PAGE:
The arc of the king’s life is fascinating, sombre, there-but-for-the-grace-of-God-go-I, but Velázquez also feels the weight of expectations upon him. As he rises in importance he receives money and titles and privilege – yet more keys open yet more locked doors in the King’s court. But his responsibilities multiply. He must manage the King’s collection. He must meet and talk and sometimes bargain. He must do a thousand different things, and painting is just one of them. In his youth he was consumed by passion for his work – now his passion consumed – starved of light and oxygen – by all the things he must do.

Painter, Preserver:

Amy Sackville writes like no one else I’ve ever read. She hone in on the intense detail of small things and small, glossed-over moments with the precision of a Renaissance painter (which is, obviously, appropriate to the subject matter).

Just take this randomly-selected passage from near the beginning of the book:

‘The cool curve in the hand, the rough striation of the clay and the smooth glaze, the fine cracks snagging lightly each ridge of the fingertip; he attends to all of this, plasticity, rigidity, fragility, damage and flaw, detail, surface and shape.’ 

Not only does her writing feel like poring over the brushstrokes of a masterpiece in some dimly-lit European gallery, but it feels, at times, like the most direct communication of a person’s thoughts, feelings, fears, and obsessions I’ve ever encountered in fiction.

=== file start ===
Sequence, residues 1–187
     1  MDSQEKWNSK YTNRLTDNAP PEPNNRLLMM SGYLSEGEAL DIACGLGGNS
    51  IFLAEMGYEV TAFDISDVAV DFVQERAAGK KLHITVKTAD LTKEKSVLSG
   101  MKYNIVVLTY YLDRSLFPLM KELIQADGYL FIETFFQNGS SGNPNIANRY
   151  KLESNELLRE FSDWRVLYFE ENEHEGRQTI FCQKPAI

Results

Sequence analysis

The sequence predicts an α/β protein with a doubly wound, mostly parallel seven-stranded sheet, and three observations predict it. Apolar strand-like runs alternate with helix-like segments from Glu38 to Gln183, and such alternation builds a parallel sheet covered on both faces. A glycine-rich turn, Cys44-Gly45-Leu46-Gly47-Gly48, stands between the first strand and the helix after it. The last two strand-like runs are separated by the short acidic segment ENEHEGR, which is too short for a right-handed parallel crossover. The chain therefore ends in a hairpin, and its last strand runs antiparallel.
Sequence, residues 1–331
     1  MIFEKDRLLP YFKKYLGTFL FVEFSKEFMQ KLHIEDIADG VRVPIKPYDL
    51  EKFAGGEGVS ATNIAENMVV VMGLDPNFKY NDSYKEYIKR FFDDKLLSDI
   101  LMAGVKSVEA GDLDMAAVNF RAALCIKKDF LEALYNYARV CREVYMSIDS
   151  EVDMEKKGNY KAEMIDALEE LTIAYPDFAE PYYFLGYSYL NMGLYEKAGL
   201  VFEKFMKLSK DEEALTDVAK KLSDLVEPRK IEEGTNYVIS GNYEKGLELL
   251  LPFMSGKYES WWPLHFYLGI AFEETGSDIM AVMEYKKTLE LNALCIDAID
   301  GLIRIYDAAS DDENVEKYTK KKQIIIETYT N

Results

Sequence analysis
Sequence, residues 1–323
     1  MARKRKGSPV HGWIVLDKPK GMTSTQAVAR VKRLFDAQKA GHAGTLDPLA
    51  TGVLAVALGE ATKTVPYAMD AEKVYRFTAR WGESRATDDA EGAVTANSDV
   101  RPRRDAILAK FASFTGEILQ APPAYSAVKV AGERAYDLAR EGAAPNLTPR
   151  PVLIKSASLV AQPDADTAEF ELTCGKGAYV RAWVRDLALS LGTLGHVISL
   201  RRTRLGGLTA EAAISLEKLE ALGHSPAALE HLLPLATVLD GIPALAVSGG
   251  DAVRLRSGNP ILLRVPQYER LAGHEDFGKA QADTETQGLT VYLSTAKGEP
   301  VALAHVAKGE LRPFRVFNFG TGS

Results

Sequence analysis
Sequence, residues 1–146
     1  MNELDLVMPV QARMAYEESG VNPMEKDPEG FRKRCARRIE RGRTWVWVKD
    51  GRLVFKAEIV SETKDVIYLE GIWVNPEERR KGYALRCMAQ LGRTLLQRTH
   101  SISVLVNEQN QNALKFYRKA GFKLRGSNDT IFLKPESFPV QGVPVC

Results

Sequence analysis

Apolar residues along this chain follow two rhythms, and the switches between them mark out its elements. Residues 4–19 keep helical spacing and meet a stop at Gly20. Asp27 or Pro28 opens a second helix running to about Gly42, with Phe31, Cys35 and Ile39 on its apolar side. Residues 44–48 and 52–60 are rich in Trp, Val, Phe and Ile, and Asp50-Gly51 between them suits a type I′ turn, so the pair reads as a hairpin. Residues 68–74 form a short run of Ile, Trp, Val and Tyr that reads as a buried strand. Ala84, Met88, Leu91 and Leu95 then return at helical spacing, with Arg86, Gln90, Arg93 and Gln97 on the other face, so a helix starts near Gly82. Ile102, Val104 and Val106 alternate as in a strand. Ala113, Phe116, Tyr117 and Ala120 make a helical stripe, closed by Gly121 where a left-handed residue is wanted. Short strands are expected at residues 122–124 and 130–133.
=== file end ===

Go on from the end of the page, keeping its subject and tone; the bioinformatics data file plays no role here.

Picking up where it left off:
Not of Velázquez, but Sackville herself. Throughout the book we keep returning to a nameless narrator – a person in the modern day travelling, presumably, to see the paintings, and piece together the life of Diego Velázquez. Not the biography and the dates, but the man himself. It’s impossible, at least for me, to see this as anything other than a stand-in for the author, and her thoughts, her feelings – her fears and obsessions. Perhaps it’s not that at all, and I’m reading too much into it. But like I said – it’s impossible for me not to.

Sackville’s writing is intense and obsessive – employing stream of consciousness, and an especially liberal creative licence with punctuation to build something incredibly human, incredibly personal: a reaching out – driven by an unspeakably personal sense of connection – to a painter three hundred and fifty years dead. Knowing all the while that, ultimately, you’re chasing thin air. Talking to that person directly, knowing they are long gone, but hoping that through art, somehow, something can be preserved: